The UK government has defended the NHS’s cyber-security procedures, days after a number of trusts were taken offline by the WannaCry ransomware.
Security minister Ben Wallace said that the NHS had followed “pretty good procedures” in dealing with the attack.
The news came as health minister Jeremy Hunt confirmed that there had been no dreaded “second wave” of attacks following the initial assault last Friday.
Speaking to BBC Breakfast, Mr Wallace said that IT staff had worked around the clock over the weekend to patch security systems and restore files at NHS trusts across the country.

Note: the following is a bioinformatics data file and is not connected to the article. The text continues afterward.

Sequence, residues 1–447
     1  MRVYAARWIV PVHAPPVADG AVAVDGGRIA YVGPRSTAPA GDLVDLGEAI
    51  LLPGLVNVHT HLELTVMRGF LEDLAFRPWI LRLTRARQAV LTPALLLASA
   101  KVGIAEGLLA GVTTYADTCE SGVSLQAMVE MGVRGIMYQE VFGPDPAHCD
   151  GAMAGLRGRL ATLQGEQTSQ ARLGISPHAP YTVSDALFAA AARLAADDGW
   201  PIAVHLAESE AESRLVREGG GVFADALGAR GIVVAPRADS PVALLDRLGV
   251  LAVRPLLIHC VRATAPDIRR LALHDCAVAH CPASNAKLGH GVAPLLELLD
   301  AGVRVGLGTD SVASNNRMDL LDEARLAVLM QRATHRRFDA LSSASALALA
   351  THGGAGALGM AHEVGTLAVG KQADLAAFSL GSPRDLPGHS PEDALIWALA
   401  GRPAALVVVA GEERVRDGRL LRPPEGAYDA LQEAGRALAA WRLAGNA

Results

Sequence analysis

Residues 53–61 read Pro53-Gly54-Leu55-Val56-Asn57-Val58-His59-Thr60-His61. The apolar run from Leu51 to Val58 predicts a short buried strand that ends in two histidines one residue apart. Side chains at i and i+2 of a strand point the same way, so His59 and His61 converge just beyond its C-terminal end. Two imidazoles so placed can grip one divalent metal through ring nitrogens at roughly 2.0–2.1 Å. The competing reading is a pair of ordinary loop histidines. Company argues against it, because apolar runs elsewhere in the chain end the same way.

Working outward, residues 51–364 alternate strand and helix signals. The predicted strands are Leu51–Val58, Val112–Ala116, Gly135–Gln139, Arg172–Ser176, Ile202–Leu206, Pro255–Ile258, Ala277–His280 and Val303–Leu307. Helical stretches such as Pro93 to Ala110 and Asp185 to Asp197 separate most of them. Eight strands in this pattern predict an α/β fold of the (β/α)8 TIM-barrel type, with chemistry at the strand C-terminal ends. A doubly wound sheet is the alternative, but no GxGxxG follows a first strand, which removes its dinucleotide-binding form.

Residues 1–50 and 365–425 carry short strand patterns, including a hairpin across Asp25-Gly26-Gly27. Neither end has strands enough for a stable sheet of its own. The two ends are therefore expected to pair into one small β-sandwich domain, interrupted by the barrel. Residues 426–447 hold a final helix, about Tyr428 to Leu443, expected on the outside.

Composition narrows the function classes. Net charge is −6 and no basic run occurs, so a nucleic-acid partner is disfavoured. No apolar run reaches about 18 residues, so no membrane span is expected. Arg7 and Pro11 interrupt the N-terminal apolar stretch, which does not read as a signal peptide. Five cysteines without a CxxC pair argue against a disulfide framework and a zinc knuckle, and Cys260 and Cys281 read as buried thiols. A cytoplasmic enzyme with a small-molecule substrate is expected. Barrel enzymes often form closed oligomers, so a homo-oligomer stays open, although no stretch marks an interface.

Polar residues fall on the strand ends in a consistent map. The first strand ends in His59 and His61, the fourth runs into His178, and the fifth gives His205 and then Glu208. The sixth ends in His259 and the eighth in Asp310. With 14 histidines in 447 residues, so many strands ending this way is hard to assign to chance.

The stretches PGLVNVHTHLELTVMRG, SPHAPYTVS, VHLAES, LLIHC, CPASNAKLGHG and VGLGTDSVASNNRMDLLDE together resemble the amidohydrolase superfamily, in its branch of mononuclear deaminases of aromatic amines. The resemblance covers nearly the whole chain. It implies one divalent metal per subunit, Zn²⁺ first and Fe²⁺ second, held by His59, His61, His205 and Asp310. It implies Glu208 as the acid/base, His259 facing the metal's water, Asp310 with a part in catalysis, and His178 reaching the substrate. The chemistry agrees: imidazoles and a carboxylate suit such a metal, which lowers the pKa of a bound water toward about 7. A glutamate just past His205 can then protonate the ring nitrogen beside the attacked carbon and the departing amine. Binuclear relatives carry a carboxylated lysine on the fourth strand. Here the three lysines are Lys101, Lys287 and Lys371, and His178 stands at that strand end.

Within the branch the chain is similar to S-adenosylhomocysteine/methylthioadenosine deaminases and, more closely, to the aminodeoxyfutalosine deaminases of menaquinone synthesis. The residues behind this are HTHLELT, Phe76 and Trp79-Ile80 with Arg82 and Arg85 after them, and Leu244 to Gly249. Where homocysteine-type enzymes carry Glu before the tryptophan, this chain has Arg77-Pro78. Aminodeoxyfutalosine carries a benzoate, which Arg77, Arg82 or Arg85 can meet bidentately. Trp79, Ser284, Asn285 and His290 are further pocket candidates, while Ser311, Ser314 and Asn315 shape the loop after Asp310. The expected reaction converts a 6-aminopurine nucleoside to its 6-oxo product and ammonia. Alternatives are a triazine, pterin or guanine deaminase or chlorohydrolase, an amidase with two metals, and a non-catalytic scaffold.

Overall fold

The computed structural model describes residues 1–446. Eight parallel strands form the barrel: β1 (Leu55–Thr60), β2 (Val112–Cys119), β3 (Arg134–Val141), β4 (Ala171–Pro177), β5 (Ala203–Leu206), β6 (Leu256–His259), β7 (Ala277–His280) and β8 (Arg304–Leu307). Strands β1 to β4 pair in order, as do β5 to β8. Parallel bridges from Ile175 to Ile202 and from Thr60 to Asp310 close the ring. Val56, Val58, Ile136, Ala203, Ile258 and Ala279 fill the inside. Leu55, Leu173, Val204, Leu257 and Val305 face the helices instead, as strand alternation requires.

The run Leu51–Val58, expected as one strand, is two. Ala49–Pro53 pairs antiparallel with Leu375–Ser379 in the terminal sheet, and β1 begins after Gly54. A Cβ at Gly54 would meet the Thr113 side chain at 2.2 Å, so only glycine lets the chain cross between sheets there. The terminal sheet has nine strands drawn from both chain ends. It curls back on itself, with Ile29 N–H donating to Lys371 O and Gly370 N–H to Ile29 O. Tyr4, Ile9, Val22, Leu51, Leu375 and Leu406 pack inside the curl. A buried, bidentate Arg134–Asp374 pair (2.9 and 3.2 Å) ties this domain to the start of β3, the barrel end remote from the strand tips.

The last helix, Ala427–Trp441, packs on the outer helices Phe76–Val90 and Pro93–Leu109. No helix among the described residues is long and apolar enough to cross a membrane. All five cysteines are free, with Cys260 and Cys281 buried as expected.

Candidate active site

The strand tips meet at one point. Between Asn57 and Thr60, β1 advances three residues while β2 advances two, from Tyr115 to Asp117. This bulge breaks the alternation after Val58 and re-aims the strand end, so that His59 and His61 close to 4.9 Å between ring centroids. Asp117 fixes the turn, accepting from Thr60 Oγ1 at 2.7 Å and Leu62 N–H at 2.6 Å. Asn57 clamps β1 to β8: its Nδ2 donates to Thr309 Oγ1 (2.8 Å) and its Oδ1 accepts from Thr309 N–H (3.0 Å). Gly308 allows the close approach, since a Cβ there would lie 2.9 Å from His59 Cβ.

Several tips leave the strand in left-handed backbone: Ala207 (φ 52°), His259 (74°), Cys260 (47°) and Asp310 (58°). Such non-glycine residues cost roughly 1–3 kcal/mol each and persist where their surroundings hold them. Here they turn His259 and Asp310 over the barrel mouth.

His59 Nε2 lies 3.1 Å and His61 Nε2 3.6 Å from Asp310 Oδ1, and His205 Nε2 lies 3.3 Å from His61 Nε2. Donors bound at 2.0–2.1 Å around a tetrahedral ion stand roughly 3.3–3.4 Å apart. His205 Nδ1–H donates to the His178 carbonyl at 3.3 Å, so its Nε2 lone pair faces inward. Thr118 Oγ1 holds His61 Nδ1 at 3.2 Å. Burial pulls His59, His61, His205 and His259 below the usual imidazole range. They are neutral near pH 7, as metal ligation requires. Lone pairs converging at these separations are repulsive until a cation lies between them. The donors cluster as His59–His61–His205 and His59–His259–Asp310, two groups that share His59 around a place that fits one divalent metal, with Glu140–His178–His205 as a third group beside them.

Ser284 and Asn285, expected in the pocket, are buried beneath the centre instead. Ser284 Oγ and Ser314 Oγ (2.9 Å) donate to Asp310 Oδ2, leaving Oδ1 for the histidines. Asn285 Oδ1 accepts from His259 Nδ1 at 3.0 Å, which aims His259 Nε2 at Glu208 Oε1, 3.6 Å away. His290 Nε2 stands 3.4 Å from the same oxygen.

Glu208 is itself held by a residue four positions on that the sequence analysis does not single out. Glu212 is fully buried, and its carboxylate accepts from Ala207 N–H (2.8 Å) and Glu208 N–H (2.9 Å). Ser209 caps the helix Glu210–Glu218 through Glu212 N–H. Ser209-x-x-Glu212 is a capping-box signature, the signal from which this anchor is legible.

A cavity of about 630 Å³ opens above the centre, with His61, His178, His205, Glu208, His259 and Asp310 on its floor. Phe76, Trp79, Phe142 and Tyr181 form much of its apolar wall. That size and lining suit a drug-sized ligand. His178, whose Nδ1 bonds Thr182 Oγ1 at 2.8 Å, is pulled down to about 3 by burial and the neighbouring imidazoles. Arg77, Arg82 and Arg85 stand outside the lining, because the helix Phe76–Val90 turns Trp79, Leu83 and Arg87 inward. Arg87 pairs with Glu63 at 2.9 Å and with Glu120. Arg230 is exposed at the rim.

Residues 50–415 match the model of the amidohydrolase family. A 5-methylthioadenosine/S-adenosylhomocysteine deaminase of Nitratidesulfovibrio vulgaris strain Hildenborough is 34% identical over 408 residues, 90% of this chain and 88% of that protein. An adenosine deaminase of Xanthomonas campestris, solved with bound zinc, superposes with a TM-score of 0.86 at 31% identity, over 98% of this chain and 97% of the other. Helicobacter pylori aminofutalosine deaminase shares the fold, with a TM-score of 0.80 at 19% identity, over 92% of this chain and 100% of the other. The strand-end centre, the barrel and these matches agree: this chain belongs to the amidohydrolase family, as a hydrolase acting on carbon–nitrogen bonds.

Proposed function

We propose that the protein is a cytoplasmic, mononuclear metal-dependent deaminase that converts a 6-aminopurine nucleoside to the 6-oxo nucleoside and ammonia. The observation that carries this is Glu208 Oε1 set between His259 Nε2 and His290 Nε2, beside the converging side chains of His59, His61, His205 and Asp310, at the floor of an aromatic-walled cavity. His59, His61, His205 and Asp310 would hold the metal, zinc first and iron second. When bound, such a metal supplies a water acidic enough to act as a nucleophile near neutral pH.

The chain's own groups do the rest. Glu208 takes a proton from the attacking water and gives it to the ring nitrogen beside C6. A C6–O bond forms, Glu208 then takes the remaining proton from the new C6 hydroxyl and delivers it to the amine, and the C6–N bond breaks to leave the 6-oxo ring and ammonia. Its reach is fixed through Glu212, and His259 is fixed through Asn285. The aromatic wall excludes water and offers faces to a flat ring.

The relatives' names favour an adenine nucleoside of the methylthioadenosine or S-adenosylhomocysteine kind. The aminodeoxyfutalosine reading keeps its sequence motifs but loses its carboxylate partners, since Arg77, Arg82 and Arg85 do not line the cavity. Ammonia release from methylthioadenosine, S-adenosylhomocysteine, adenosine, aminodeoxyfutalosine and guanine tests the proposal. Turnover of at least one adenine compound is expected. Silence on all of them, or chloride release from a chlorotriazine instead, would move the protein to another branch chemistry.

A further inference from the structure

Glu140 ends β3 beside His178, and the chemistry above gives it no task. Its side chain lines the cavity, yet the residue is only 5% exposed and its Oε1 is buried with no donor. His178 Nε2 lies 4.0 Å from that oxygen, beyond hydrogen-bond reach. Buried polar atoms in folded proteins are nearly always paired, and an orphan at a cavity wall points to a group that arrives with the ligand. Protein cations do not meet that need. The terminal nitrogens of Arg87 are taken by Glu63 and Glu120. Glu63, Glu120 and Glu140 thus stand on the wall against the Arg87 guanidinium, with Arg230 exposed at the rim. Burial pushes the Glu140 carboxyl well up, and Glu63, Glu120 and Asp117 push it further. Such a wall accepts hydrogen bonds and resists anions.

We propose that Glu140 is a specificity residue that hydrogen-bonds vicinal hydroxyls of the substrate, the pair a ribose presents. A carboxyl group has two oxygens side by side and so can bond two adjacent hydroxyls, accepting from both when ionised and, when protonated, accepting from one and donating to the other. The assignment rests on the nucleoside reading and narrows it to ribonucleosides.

He highlighted that the government had invested £50 million in supporting NHS IT networks during its last strategic defense and security review, and insisted that individual trusts were well-equipped to ensure they could protect themselves against cyber-attack.
“We make sure the trusts are aware of their vulnerabilities and ask them to make sure they keep themselves up to date. What we don’t do in our NHS is micromanage it from the desk,” he said.
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